Bull market for stocks keeps on going in 2014

31 Dec 2014 | Author: | No comments yet »

Rising Rates Aren’t Poison for Stocks.

Many investors are anxious about the impact on shares when the Federal Reserve, under Chairwoman Janet Yellen, starts boosting interest rates. Stocks pushed higher on the final trading day of the year, capping another strong year for stocks that puts the Dow on track to post its sixth consecutive year of gains.Wednesday, 14:30 GMT: The S&P 500 is heading back towards its record high at the start of the last session of what has been a stellar year for US equities, after European indices headed up off their October lows and cut their overall losses for 2014. The Wall Street benchmark is up 0.1 per cent at 2,082.20 turning around from its 0.4 per cent fall on Tuesday and putting it back within touching distance of its best-ever closing reading of 2,090.57 reached on Monday.

The Fed’s easy-money policies have helped support the nearly six-year bull market, but a rate increase could damp economic growth and make it more expensive for companies to expand. Stocks shrugged off an early report from the Labor Department showing jobless claims rose by more than expected, up 17,000 to 298,000 in the week ended Dec. 27. The extended period of cheap money, coinciding with a strong economic rebound and contained inflation, has sparked a bull-run in equities at the same time as a sustained dollar rally over 2014.

The benchmark overcame five separate declines of 4 percent or more in 2014, while stocks have never once declined more than three straight times, a first in data compiled by Bloomberg going back to 2000. Separate data showed contracts to purchase previously owned homes rose in November as employment gains and low borrowing costs helped bring potential buyers into the market. The rise trims the main UK index’s loss for the year to 1.5 per cent, but also lifts it 5.8 per cent off its closing low for the year reached in October. The nadir came at the height of concern about the potential spread of the Ebola virus, and coincided with weak European economic data that cast doubt on Germany’s ability to continue powering the eurozone economy. Morgan Private Bank, said a slow-and-steady approach to raising rates shouldn’t diminish the appeal for U.S. stocks. “It’s fundamentally good because it means that the Fed is removing this extraordinary easing and they’re only doing that because they feel that the economy is able to generate self-sustaining growth,” he said. “That will be good for corporate earnings,” he added.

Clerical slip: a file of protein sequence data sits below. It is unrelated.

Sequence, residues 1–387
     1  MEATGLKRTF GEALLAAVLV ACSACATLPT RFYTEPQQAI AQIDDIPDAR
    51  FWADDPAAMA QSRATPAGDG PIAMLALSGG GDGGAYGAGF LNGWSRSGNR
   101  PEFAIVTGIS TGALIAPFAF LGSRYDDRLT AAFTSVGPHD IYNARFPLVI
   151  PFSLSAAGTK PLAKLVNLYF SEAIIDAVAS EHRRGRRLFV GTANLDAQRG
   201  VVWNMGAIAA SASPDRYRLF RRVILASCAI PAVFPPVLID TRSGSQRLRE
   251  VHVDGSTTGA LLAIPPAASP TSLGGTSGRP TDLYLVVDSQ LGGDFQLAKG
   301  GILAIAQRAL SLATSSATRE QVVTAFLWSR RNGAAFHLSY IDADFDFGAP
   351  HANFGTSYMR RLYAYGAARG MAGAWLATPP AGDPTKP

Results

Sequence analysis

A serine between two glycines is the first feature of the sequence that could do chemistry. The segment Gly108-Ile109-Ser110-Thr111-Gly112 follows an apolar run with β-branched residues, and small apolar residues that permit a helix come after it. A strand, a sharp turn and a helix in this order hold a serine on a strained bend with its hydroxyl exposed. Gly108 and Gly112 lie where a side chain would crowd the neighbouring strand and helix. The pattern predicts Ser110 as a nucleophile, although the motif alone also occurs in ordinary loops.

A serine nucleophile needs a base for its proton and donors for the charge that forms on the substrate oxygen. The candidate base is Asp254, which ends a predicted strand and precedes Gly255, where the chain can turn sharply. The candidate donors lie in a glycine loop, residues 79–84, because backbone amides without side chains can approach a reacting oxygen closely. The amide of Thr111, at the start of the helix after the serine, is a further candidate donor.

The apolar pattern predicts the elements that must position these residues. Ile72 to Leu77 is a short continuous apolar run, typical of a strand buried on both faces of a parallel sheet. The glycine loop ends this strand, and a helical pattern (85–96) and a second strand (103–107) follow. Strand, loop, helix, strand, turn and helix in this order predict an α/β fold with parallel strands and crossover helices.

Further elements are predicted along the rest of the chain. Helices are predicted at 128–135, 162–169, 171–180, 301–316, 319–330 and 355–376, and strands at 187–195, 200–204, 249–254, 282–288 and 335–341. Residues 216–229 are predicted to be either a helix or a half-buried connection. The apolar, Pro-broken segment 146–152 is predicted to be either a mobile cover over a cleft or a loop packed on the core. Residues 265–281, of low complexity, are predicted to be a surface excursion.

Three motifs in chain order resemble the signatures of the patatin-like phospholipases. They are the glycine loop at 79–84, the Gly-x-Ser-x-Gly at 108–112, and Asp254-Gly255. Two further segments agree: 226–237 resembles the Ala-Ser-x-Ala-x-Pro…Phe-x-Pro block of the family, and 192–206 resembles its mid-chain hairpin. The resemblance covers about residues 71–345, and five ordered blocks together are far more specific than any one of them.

Northern Trust, a Chicago-based firm that manages more than $900 billion in assets, measured stock returns from six months before to six months after the Fed’s first announcement of a rate rise. Utility shares jumped 27 percent, the largest advance, while a rout in oil prices has sent a gauge of energy companies down 9.3 percent this year, the most since 2008.

Despite that, the mainland Chinese equities benchmark remains at about half the level it reached before the financial crisis and remains beneath its 2009 post-crisis high. Brent crude, the international oil benchmark, is 2.4 per cent weaker at $56.49 a barrel, with pressure coming from further signs of a slowdown in China’s manufacturing sector.

On average, when the Fed raised interest rates by a quarter of a percentage point—a common move—stocks fell slightly in the following week, but returns were positive after one month and three months, the firm found. To understand why stocks can thrive at such times, think of low interest rates as medicine for the economy: You take it away only when the patient is healthy. The final reading of the HSBC Manufacturing Purchasing Managers’ Index fell to a final reading of 49.6 in December from 50 in November, indicating a contraction in activity. It would still take a brave man to try and catch this particular falling knife though, given how sanguine Saudi Arabia appears to be about recent drops in the oil price, which would seem to suggest we could see further losses towards the lows seen a few years ago near $40 a barrel.”

Those factors may be more than enough to push stocks higher when interest rates start going up. “The Fed just starting to raise interest rates isn’t associated with ending market rallies,” says Jeremy Siegel, a finance professor at the University of Pennsylvania’s Wharton School. To contact the editors responsible for this story: Cecile Vannucci at cvannucci1@bloomberg.net; Jeff Sutherland at jsutherlan13@bloomberg.net Jeff Sutherland

Shares of American Eagle Energy Corp. plunged 20% after announcing Wednesday that it suspended drilling operations and likely won’t resume until oil prices improve. Even an increase of a couple of percentage points would leave rates at a level that for much of the nation’s recent history would have seemed strikingly low.

The median estimates among the Fed’s 17 policy makers are for the short-term interest rate to hit 1.125% in 2015, 2.5% in 2016, and 3.625% in 2017. “Historically, it’s not until rates reach much higher levels, above 5%, until market returns have been affected on the downside,” Mr. Stocks in sectors that tend to pay investors high dividends—such as utilities and telecommunications—could get hit harder than the market as a whole by higher interest rates, Mr. Conventional wisdom suggests sectors which thrive in a growing economy could do well as rates start to rise, which could mean large manufacturers or companies that benefit from discretionary spending by consumers, such as luxury goods and airlines.

But focusing too much on those sectors could be risky because many firms already have seen their share prices rise considerably in the past six years. But rather than worrying about how Fed policy might affect the market—which you can’t control—it could be more profitable to focus on your own investing temperament, which you can.

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